Sometimes we have to go back to the basics. There’s a gap in our understanding. There’s a flaw in our work. And where we are presently with whatever it is can’t be corrected moving forward. Therefore, we need to go back. We need to find where we went wrong. Then, from there, we begin again.
Nicodemus said to him, “How can these things be?” Jesus answered him, “Are you the teacher of Israel and yet you do not understand these things? Truly, truly, I say to you, we speak of what we know, and bear witness to what we have seen, but you do not receive our testimony. If I have told you earthly things and you do not believe, how can you believe if I tell you heavenly things? – John 3:9-12, ESV
Nicodemus was lost. Though Jesus’ words were the truth, Nicodemus couldn’t understand their meaning. There was a flaw somewhere in his foundational knowledge about God, sin, and salvation. The problem was he didn’t see it. He didn’t know where it was. That’s likely what brought him to Jesus.
So he asked. Jesus asked him a rhetorical question in return. He knew why Nicodemus was struggling. The God-centeredness of the Scriptures had been replaced with a theology centered on man. Nicodemus was a Pharisee, part of an elite group who believed that they could keep a list of behaviors and actions in order to earn salvation and be acceptable by God. He was immersed in man-centered thinking. This is where Jesus began.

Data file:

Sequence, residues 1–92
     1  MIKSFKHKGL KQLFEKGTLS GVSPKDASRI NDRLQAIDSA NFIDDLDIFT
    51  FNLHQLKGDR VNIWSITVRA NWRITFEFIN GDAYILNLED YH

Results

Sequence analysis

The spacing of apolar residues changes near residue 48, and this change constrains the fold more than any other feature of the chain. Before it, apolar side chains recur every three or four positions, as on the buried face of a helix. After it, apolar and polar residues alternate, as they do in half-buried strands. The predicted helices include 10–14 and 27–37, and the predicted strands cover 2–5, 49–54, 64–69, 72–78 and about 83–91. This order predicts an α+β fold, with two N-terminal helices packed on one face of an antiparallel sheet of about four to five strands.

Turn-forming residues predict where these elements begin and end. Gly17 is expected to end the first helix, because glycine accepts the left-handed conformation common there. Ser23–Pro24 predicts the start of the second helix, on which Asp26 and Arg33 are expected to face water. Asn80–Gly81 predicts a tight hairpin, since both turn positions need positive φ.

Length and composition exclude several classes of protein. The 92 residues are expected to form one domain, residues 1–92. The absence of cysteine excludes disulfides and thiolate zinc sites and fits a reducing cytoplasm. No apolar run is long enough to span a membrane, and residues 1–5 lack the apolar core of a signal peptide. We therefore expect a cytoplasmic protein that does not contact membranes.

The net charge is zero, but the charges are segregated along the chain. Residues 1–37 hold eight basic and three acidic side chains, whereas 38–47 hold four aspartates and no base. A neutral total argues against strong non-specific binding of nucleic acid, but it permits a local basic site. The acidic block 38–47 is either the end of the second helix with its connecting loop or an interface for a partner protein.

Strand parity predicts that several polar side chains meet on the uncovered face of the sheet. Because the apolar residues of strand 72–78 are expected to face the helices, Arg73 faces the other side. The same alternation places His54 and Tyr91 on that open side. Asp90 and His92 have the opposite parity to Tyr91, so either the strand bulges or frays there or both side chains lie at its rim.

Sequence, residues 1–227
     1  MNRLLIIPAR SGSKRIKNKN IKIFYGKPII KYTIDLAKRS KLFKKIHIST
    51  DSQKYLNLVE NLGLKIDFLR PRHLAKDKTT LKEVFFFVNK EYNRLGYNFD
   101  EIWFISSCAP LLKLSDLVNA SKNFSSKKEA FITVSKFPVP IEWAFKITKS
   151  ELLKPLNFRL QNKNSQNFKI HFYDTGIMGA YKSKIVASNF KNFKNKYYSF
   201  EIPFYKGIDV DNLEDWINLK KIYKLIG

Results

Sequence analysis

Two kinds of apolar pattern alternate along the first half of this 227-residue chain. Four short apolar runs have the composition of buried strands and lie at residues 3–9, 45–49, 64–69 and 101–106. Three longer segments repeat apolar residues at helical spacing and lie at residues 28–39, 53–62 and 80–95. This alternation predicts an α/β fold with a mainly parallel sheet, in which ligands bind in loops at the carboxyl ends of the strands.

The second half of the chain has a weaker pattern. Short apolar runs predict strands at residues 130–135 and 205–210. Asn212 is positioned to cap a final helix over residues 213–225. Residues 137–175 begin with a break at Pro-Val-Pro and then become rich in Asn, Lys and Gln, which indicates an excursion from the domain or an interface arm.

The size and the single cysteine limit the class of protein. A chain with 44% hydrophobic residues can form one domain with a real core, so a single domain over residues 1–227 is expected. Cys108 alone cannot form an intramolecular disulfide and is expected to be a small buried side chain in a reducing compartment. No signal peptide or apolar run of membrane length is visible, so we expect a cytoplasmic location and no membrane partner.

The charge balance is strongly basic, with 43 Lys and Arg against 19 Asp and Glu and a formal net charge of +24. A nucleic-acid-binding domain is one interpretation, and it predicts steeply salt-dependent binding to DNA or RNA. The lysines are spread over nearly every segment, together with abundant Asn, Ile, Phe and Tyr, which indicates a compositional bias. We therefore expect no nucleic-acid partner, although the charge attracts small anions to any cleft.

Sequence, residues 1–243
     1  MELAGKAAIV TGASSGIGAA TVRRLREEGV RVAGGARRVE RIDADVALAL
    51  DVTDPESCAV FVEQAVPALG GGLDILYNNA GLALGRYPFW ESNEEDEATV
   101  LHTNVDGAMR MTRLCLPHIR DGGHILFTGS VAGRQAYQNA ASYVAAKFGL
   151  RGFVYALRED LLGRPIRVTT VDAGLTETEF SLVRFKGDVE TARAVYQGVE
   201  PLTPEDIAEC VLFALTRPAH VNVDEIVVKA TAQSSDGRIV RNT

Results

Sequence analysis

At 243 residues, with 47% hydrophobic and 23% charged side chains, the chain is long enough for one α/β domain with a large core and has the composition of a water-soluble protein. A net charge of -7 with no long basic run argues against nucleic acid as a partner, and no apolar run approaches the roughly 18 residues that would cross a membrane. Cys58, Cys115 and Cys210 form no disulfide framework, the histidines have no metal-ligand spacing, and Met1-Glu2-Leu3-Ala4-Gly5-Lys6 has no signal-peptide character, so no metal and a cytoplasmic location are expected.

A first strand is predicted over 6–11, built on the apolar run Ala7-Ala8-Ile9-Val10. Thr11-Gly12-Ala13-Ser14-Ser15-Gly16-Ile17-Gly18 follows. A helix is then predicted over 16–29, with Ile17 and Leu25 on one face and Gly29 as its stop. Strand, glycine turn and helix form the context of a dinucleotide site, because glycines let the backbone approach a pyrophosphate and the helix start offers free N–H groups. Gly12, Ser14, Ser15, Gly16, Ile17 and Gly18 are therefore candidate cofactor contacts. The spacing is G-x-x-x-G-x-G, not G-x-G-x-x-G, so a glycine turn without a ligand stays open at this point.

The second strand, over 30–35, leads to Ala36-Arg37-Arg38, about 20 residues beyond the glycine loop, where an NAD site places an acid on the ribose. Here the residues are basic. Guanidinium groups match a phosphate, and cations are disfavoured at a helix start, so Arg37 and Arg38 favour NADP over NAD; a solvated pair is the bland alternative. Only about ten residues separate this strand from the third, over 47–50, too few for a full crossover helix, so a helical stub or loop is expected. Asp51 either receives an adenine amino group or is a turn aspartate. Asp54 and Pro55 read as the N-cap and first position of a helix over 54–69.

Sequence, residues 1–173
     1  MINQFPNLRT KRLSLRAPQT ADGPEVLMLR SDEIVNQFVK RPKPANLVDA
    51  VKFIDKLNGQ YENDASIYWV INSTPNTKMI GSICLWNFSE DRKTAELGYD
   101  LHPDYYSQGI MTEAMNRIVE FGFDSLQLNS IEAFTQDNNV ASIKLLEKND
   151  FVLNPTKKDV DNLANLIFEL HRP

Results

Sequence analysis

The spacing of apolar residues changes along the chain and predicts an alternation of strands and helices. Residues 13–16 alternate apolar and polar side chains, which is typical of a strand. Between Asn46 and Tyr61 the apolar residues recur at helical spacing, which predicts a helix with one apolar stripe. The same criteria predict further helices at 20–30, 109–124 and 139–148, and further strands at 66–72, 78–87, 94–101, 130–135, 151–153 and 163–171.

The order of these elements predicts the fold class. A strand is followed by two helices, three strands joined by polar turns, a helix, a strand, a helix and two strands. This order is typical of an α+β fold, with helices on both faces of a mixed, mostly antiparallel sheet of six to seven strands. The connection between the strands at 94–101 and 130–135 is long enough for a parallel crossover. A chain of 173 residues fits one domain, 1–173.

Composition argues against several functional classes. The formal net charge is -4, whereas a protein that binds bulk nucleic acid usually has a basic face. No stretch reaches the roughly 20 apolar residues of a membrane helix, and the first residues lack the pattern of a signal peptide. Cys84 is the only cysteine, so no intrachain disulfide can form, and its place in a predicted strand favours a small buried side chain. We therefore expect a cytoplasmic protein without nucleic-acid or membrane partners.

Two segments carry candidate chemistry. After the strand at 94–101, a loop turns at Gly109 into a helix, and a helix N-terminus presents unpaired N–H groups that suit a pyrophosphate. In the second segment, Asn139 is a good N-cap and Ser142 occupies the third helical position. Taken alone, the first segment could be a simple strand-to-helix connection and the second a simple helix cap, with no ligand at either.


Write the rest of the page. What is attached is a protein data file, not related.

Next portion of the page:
The rhetorical question served a purpose. It called out Nicodemus’ position. But it also called out his teaching, which was consistent with the religious thinking of that time. If it wasn’t, he wouldn’t have been a Pharisee and a member of the Sanhedrin. Jesus was pointing the finger there. He was telling Nicodemus where to start looking for the problem.
Then Jesus expounded to help Nicodemus even more. He explained how Nicodemus and the other religious leaders were going away from the testimonies about God and His hand at work. They weren’t focused on the divine. They weren’t even paying attention to God at work in the mundane. The leaders wouldn’t hear such testimony. They wouldn’t believe. It clashed with the mindset that they had created. After all, why did they need God when they had figured out how to do it themselves?
That’s where Jesus wanted Nicodemus to start. That flawed assumption, that heresy (because it was), was where Nicodemus went wrong. And Nicodemus needed the rough shake-up. So Jesus gave it to Him. It worked. We know it worked because when others failed Jesus, Nicodemus was one of the two men who retrieved Jesus’ body from the Cross and took care of it. Nicodemus listened and he began again. As a result, he corrected his path and moved forward, towards God.
If we must return to the basics, so be it. If in our lives we need to start over somewhere spiritually, in relationship, in our knowledge of something, in whatever it is, if the possibility exists and it’s the only way to correct our path, we can’t be afraid to do so. God is a God who has encouraged many men and women to start again. Being born again is a restart. So is confession and repentance. It is better for us to go back and start again than to continue forward in the wrong direction. Let us do so when we realize what we have done. Let us begin again in our pursuit of God rather than continuing to wander away from Him.